Last week I was lucky enough to attend a media lunch for the Chiva Som Spa Cuisine cookbook. Thai Chef Paisarn in consultation with Serge Dansereau from Bather's Pavilion cooked us a delicious four course lunch. The food was light but also flavoursome and I recall thinking "I could quite happily live on this". Of course living on this also does entail forking out a considerable sum to stay at Chiva Som-and sadly my gold bar supply has been depleted...ok it never existed but I like pretending that I had one.
Apart from the tasty savoury morsels we were also served this dessert. I know the idea of using what is traditionally known as a savoury ingredient (water chestnuts) might seem odd for some but this is sweet, light, gluten free, dairy free and only 50 calories a pop. I am willing to try anything so I popped one of these treats into my mouth and was rewarded with a lovely bite sized dessert. On top was a creamy custard and at the bottom was a slightly crunchy and sweet water chestnut layer.
Chef Paisarn trying to show us how to make the pandan leaf boxes
For those of you unfamiliar with traditional Asian desserts, they are quite different from Western style desserts. For starters wheat flour and dairy items are rarely used. You may find yourself eating sweet beans and in this case, sweetened water chestnuts. However despite the lack of cream and cake, these are often very tasty, especially the desserts where coconut is used (sadly which means that the dessert isn't quite as low fat as you'd want).
_ Vegetable Roll_
Here are some of the other lovely dishes we had that afternoon but since these were an amalgamation of Serge and Paisarn, the recipes aren't in the cookbook as they were created just for the event. We started with a crunchy and flavoursome (not to mention pretty) vegetable roll filled with mushrooms and wrapped in cabbage_.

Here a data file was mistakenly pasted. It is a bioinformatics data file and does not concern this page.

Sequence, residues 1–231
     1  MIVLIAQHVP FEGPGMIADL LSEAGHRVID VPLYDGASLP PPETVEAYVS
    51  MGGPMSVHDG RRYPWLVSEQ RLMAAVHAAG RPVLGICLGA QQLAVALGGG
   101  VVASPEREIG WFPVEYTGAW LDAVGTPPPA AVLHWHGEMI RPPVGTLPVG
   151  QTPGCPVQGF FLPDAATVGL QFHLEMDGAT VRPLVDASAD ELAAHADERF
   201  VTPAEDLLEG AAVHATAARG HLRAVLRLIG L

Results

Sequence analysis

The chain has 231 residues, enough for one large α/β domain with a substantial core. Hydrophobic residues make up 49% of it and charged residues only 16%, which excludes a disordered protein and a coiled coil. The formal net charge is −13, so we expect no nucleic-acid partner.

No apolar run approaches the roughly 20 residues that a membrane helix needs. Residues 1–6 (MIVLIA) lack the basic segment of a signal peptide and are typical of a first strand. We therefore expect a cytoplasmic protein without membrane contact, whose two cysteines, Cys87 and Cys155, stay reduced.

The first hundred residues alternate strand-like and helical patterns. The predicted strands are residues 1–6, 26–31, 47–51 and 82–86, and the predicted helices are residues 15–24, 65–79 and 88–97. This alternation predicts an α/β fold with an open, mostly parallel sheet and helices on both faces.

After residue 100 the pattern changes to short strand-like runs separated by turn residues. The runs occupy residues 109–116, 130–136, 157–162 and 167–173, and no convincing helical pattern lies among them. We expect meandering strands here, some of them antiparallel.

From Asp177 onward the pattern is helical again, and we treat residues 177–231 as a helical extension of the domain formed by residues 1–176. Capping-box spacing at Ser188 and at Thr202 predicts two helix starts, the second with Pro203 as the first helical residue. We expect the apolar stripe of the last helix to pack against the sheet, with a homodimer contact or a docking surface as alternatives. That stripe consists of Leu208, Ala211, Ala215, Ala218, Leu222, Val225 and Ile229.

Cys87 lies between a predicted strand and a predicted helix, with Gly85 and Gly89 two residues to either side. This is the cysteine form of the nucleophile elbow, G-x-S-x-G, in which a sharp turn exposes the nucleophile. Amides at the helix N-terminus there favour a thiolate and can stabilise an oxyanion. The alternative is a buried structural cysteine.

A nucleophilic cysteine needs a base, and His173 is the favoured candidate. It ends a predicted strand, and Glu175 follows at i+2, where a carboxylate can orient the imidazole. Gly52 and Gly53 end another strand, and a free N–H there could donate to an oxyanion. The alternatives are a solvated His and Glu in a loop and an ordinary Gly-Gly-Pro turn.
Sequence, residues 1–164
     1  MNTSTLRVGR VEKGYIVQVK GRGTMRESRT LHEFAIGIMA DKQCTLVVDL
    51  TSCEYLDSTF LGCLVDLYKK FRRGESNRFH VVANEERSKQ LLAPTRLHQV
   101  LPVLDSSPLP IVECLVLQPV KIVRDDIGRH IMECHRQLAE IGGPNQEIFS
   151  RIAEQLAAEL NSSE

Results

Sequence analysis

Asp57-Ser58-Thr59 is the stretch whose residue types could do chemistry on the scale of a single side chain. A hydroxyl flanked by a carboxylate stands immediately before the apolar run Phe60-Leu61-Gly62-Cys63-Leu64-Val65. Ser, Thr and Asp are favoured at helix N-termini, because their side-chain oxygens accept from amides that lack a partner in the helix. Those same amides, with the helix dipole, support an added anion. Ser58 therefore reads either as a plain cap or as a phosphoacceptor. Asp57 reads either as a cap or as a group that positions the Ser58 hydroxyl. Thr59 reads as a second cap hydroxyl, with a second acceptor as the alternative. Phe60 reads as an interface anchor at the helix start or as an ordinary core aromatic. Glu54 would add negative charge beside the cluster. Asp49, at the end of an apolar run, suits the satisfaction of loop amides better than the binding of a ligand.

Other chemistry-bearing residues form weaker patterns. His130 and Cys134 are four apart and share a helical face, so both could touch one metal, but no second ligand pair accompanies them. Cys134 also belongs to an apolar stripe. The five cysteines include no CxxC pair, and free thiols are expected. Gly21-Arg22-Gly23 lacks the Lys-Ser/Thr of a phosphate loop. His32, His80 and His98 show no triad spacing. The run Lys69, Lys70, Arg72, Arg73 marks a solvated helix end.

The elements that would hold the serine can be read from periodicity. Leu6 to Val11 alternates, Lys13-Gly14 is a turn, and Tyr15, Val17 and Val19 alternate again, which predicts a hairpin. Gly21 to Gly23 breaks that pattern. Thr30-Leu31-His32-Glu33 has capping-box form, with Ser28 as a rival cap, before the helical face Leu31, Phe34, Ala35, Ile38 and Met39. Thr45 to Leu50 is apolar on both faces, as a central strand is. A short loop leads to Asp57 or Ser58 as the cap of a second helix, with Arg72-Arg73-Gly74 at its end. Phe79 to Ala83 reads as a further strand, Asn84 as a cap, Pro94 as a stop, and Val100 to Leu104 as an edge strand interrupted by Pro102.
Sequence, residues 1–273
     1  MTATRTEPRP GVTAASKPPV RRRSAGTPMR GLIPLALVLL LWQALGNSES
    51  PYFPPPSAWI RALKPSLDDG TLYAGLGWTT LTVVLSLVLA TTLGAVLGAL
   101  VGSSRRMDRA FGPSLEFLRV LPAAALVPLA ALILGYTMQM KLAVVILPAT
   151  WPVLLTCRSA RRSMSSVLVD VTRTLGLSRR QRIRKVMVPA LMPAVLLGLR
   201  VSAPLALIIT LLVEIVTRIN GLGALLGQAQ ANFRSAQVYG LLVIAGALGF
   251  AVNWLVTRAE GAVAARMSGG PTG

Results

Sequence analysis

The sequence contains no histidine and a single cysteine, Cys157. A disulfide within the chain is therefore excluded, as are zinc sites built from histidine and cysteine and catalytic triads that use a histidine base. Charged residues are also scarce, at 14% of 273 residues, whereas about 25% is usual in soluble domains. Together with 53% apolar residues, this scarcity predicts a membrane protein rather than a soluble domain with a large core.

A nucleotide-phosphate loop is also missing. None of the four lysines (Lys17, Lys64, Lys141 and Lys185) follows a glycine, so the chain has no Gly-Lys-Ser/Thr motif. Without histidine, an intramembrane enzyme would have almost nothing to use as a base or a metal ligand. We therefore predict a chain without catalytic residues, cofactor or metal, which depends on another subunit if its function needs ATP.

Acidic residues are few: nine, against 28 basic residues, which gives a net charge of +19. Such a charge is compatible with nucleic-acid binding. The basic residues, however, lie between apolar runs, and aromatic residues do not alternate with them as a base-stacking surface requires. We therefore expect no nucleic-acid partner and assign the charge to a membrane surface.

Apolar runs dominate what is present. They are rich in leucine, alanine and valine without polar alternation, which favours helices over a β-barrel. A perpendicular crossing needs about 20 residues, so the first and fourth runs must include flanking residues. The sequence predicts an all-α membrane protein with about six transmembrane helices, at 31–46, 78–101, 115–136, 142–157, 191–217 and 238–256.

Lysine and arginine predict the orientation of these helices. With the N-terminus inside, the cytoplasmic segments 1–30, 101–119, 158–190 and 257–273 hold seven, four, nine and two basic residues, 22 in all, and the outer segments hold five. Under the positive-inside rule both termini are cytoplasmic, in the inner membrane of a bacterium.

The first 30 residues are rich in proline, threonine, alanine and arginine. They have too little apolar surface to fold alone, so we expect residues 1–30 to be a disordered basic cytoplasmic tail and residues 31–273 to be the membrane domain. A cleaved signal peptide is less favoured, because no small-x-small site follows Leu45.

A delicate but sumptuous Kingfish carpaccio with a sesame and soy vinaigrette gives a distinct Asian and Chinese flavour_.
_ Five spice poached corn fed chicken, eggplant, goat cheese zucchini_
Our main was an unusual five spice poached corn fed chicken, eggplant, goat cheese zucchini. The eggplant quenelles were inspired by baba gannoush (eggplant dip) and had a distinct tahini/sesame flavour. The chicken was tenderly poached and the small parcels of goat's cheese zucchini ribbons were delicious._
_Coconut panna cotta _
The coconut panna cotta with sesame seed iced macaroon and spiced pineapple is the perfect way to round off the lunch. The macaron is of course Serge's contribution and the sweet, spiced pineapple is divine (I remember sweet Thai pineapples very fondly!). The black sesame cream looks like ice cream but isn't particularly frozen or cold and the soft and wobbly coconut panna cotta is perfectly cast as the star of the dish.
So tell me Dear Reader, what do you think of Asian desserts? Have you tried them?
Water Chestnut & Coconut Custard
Energy: 50 calories per piece
Total fat: 3.03g
- 2 tablespoons honey
- 15grams (1/2 oz) mung bean flour
- 4 pandan leaves pureed in 250ml91cup) water to make pandan juice or pandan essence mixed with water
- 50g/1 3/4 oz) water chestnutnuts, cut into small cibes
- 12 pandan leaves made into square packets (optional) you can also use shot glasses or espresso cups
- 150ml (2/3 cup or 1/4 pint) coconut milk
- 15g (1/2 oz) rice flour
Buyer's tip: all ingredients can be found at an Asian grocery store
Adding in the honey
The finished water chestnut mix
Step 1 - Water Chestnuts: Dissolve honey and mung bean flour in pandan water and add water chesnuts. Transfer to a heavy based wok on a medium low heat and stir constantly (it will become clear). Once thickened, spoon into cups or pandan leaf boxes.
Step 2 - Coconut custard: Mix coconut milk and rice flour together, place in a small pan and bring to a boil. Stir frequently until the mixture thickens. Quickly spoons the mixture on top of the prepared water chestnuts (you can use a piping bag for this). Leave to cool and serve.